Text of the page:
This is my first post for Graphic Design: Working with a Client. Its so satisfying to have actually reached this stage!! I’ve just moved all my previous graphic design blog posts to an archive area; its been interesting to look through old work, and refresh my memory. I’m hoping having this old work on hand will help me reflect, and further develop ideas.
What I’ve been up to meantime:
Just watched a BBC documentary by Vic Reeves, about Dada. Along with explaining the origins and history of the art movement, he interviewed various artists and satirists from the present day, such as the graphic designer Neville Brody
..the artist Cornelia Parker
and the wonderful Terry Gillingham. (Not sure he even needs a link?!)
I liked the observation that many people since Dada have continued the general theme of nonsense, humour or political satire, but without necessarily conciously being influenced by the movement. I think it highlights the fact that we are so often keen to parcel up inspiration with a neat bow – ‘What are your influences?’, ‘Where do your ideas come from?’ – well, sometimes its just the gift of hindsight that allows us to draw a timeline, or point to a specific source. I like to think that we humans enjoy subverting and playing with ideas, sometimes spontaneously. We may even unknowingly re-produce what has gone before.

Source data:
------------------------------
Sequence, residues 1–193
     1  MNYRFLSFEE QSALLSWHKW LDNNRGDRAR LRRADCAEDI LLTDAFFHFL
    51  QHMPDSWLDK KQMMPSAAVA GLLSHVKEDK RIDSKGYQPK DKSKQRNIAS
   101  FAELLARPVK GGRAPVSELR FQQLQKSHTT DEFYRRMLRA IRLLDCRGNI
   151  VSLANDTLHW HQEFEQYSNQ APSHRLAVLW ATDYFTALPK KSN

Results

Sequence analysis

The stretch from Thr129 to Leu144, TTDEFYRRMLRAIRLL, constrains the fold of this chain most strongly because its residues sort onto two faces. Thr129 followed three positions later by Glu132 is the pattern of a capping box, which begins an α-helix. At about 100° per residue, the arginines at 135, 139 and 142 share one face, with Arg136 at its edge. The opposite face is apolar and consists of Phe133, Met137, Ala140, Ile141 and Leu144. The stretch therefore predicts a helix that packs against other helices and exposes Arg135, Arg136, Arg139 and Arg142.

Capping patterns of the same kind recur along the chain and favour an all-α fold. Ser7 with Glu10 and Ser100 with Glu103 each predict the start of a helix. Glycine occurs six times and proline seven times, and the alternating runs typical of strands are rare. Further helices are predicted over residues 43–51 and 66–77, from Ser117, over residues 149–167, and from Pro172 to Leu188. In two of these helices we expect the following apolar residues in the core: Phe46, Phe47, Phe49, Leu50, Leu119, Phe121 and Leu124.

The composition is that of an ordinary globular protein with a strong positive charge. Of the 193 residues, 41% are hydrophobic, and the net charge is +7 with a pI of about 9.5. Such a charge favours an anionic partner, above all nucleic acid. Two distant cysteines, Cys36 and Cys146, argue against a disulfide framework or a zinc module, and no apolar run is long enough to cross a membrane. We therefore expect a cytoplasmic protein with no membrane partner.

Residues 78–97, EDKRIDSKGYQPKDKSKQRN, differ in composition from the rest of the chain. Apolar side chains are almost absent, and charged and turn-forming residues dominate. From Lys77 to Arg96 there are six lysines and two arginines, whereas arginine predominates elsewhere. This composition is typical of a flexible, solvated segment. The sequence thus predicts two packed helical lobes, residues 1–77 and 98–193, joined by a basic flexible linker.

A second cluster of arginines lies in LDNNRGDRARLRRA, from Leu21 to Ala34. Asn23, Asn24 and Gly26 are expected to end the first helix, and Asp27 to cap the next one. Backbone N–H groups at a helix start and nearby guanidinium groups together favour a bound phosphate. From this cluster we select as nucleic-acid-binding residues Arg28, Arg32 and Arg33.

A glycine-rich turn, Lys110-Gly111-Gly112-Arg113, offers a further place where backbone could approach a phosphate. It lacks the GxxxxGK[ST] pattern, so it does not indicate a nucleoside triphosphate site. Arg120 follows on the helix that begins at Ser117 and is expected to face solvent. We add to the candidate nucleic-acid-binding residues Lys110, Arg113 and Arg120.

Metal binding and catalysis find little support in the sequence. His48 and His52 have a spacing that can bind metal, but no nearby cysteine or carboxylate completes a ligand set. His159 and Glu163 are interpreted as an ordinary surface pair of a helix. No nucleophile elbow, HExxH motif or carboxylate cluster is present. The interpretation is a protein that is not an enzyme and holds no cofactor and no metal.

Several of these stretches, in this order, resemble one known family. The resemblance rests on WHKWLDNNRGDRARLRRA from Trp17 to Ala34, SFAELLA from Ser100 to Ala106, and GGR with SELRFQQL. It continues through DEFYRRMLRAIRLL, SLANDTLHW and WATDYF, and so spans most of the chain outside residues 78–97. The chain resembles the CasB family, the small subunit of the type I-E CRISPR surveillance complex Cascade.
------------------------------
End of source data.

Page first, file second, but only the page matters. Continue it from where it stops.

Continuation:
That said, sometimes its great to very deliberately seek inspiration from artists – and this programme has inspired me to find out more about Hannah Hoch. All I know about her is that she created political photomontage. I will report back when I have more to say…
OK. So now I know her studies were interrupted for a time while she stayed home and cared for her younger sister, but she was then able to attend the Berlin School of Applied Arts, studying glass design and graphic arts. After training, she worked in the area of surface design, applying her skills to designing dress and embroidery patterns.
Hoch had a seven year affair with Dadaist member Raoul Hausmann. By all accounts he sounds like a difficult and sometimes aggressive chap, who had little respect for her, or his wife! Houseman’s rejection of Hoch helped spur her anger towards the treatment of women during this time. (Not that Hanna should have been sleeping with someone else’s husband though!)
I really admire Hanna Hoch’s spirit – these seemingly liberal male artists didn’t want to accept a woman into their group, and often downgraded her status with a casual lack of respect. I doubt it was malice – I suspect she just didn’t exist as an equal in their minds.
How much has changed? Honestly, I’m just not sure. I love Vic Reeves, but even this documentary proudly mentioned Hanna Hoch holding her own in a male dominated world, only to spend the entire programme interviewing men – with one exception – Cornelia Parker. Thing is, women probably wouldn’t accidentally assemble an all female discussion. We just don’t think that way! I don’t think men are being cruel or disrespectful. They just don’t tend to notice when its All-About-Them. And if I’m right, how do we ever redress the balance?
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